Revenue: Why monthly membership models work

Associations that develop member strategies early on and encourage their members to make monthly contributions, have a greater chance of being successful.

There is one fundamental reason for this – a regular source of revenue enables the organisation to plan ahead, run campaigns and, if needs be, employ professional services in order to be more effective.

With subscribed members your membership is likely to be committed, attend meetings and willing to volunteer.

A membership model is a type of business plan where individuals pay a recurring fee to access the value an organization creates. It provides the design for different membership levels, revenue sources, marketing activities, events and conferences, and finances.. Source: Wild Apricot

Top 8 benefits of the Membership Model

  1. Regular income – a stronger cash flow makes planning easier.
  2. Engaged membership – an engaged membership can help you achieve your goals;
  3. Reduced marketing costs – once you have onboarded a new member, you do not have to spend money marketing to them.
  4. Networking – member organisations provide ideal environments for people to network.
  5. New revenue opportunities – your organisation can fund events, seminars and other revenue-driving projects.
  6. Meeting your members’ needs – an association with an engaged membership can adapt to meet its members’ changing needs.
  7. The ability to bring real change – increased cash flow and engaged membership increases the possibilities of bringing positive change to your community.
  8. One voice – speaking as one organisation, you will be able to put your issues firmly on the local agenda. 

Why Membership Models beat traditional fundraising efforts

We’ve said this before, but we will say it again – cash flow.

Membership dues allow an organisation to focus on its mandate rather than having to spend money, time and resources seeking out sources of income.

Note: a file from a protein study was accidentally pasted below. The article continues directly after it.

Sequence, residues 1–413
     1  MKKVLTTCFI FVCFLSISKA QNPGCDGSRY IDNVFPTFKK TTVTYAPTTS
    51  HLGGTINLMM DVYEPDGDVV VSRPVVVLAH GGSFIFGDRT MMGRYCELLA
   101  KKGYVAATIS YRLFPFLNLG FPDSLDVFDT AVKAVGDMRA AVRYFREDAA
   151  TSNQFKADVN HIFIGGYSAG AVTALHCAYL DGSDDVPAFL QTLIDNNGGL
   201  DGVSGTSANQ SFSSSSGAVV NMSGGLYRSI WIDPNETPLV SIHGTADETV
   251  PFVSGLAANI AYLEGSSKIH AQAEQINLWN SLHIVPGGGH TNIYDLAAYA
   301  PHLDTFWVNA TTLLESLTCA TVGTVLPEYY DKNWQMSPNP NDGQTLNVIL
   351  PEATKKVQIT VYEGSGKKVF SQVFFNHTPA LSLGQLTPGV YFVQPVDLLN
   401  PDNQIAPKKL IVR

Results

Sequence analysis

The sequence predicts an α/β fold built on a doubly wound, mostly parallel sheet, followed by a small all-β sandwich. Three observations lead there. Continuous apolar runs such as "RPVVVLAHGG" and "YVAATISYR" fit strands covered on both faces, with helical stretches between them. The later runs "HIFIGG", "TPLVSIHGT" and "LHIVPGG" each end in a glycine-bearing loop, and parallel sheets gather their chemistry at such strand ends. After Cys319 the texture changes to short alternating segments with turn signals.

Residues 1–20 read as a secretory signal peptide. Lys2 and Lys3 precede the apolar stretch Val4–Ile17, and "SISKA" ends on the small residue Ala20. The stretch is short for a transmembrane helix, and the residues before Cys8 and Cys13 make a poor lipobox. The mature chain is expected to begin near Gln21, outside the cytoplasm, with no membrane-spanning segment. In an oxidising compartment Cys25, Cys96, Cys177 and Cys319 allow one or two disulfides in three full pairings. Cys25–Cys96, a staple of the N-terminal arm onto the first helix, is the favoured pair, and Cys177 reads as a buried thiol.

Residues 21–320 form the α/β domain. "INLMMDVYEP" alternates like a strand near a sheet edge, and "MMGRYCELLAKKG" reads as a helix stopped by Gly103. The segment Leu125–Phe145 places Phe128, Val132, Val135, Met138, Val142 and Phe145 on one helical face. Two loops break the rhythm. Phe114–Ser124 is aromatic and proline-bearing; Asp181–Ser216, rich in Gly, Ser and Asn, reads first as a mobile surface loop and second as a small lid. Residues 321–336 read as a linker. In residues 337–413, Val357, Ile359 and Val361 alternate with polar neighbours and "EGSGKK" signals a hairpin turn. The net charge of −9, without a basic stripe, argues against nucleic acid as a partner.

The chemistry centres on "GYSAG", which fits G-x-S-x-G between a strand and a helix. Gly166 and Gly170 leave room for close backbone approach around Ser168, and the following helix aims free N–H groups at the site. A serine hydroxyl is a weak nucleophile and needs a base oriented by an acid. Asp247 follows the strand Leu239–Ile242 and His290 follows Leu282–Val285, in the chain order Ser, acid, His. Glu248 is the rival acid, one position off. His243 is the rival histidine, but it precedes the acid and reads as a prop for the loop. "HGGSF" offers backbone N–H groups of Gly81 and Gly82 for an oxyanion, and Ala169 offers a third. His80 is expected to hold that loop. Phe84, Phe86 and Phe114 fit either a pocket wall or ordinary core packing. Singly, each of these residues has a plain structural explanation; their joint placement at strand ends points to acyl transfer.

Studies have found that it can cost an organisation up to 25% more to find new members, as opposed to keeping existing members.

Non-profit organisations that don’t have a membership model use staff, time, and resources to look for funding.

From sending a proposal to getting the funding from any local or international grant agency can take up to a year to finalise, and requires dedicated personnel who must, once the funding is obtained, start looking for funding again in anticipation of the current grant coming to an end.

Non-profit organisations with no members need to constantly seek out sponsors, private and government grants and other fund-raising initiatives such as canvassing in busy town squares, or holding events. Over and above this challenge, fundraising is cyclical in nature.

It costs R25 in marketing materials to find one new member. It then costs you R1 a month (25 times less) in engagement activities to keep that member. To keep one member in their first year will cost R37.

Revenue example:

Now imagine you charge that member R10 in monthly dues to be a part of your organisation. That member will pay you R120 for the first year of their membership.

Therefore, your total profit is R83 (R120 fees minus R37 costs).

In the second year and beyond the profit improves as you no longer need to fork out R25 on marketing to find that member. All organisations should keep this mind at all times and work hard on member retention. 

Ricardo Wyngaard discusses membership within nonprofit organizations. What are the reasons and benefits for having general members within non-profit organizations? Source: Ricardo Wyngaard Attorneys